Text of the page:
For Your Consideration: Feb. 6, 2015

Yesterday, Amy Pascal announced that she will be stepping down as co-chair of Sony Pictures when her contract expires next month. It’s not a particularly surprising announcement – after the notorious November e-mail hack aired her private, often unflattering feelings towards David Fincher, Angelina Jolie and any number of other key collaborators (not to mention jokes about our President that were at best ill-advised and at worst ignorant), Pascal’s time as a studio head was doomed, and Sony’s subsequent back-and-forth bungling of the release of “The Interview” was just icing on the cake. Why neither co-chair Michael Lynton, nor producer Scott Rudin, (the recipient and main participant in Pascal’s most cringeworthy email exchanges) seem to be getting quite the same grilling from the industry, well, I suppose that’s something to investigate another day.

In any case, Pascal is moving on to run her own production company, which might not be a bad thing. Since she started working for Columbia Pictures (now a Sony subsidiary) in 1988, Pascal’s shown an interesting knack for shepherding both successful prestige flicks and blockbuster fare (give or take an Amazing Spider-Man). This week, here’s three films that Pascal helped develop.

– Ethan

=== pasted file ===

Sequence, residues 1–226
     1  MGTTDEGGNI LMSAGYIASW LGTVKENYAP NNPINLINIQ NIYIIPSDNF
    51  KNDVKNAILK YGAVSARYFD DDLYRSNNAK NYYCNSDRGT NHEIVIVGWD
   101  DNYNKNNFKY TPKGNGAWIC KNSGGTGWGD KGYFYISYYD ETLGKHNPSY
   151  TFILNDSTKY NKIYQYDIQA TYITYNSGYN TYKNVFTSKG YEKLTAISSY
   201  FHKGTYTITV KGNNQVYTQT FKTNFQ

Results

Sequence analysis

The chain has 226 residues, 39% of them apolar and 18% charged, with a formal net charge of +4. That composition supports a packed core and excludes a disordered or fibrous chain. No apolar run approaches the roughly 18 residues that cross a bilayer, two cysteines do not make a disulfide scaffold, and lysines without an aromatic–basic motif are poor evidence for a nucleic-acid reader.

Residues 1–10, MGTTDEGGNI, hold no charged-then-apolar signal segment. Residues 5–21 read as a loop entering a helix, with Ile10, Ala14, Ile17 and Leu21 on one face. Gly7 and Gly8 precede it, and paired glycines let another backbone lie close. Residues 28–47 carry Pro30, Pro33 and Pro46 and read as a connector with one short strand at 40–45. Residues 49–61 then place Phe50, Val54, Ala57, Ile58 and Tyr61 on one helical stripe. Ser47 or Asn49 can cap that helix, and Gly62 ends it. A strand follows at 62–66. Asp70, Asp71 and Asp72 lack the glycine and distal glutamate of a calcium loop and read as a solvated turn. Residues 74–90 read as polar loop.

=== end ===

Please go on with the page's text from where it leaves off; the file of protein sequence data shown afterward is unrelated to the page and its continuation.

“A League of Their Own” (1992)

Cast: Geena Davis, Lori Petty, Tom Hanks, Madonna, Rosie O’Donnell, Megan Cavanagh, Tracy Rainer, Bitty Schram, Ann Cusack, Anne Ramsay, David Strathairn, Bill Pullman, Jon Lovitz, Tea Leoni

Available to rent or purchase from Amazon Instant, Vudu, or iTunes, on disc from Netflix

That rare kind of film that manages to be just as charming and fun as it is enlightening. Penny Marshall’s “A League of Their Own” took a quickly-forgotten slice of American history, the All American-Girls Professional Softball League formed in the middle of WWII, and brought it to breezy, comical – and in the case of Tom Hanks’ Jimmy “There’s No Crying In Baseball” Dugan, iconic – life. Maybe now that she’s got some free time Amy Pascal can reunite with her former lead and get involved in Geena Davis’ female-filmmaker focused festival later this year.

– Ethan

“Casino Royale” (2006)

Cast: Daniel Craig, Eva Green, Mads Mikkelsen, Judi Dench, Giancarlo Giannini, Jeffrey Wright, Caterina Murino, Isaach de Bankolé, Tobias Menzies, Jesper Christensen

Available to purchase on Amazon Instant, Vudu and iTunes, on disc from Netflix

James Bond might be the most durable franchise in film history, but 2002’s “Die Another Day” sure did its darnedest to test that theory. As the series has managed to do in years past (“On Her Majesty’s Secret Service” on the heels of “You Only Live Twice,” “GoldenEye” following “License to Kill”), the Bond production team – an always-complicated mess of developers at Eon Productions, MGM, the Broccoli family, and lately Sony – turned a complete 180, reinvigorating the franchise with a new actor, a new tone, and a hearty helping of theft from the latest action-movie trends. In this case, the dodgy CGI and horrifically absurd plotting of “Die Another Day” were replaced with the grit and brutal action of Jason Bourne and “Batman Begins” – which, led by the smirking, petulant Daniel Craig, ended up getting closer to the suave-but-troubled killing machine of Ian Fleming’s imagination than any previous attempt. The extended Texas Hold ‘Em tournament reeks of excessive mid-2000s fad-chasing, but otherwise “Casino Royale” is as thoroughly entertaining an action film as you could ask for.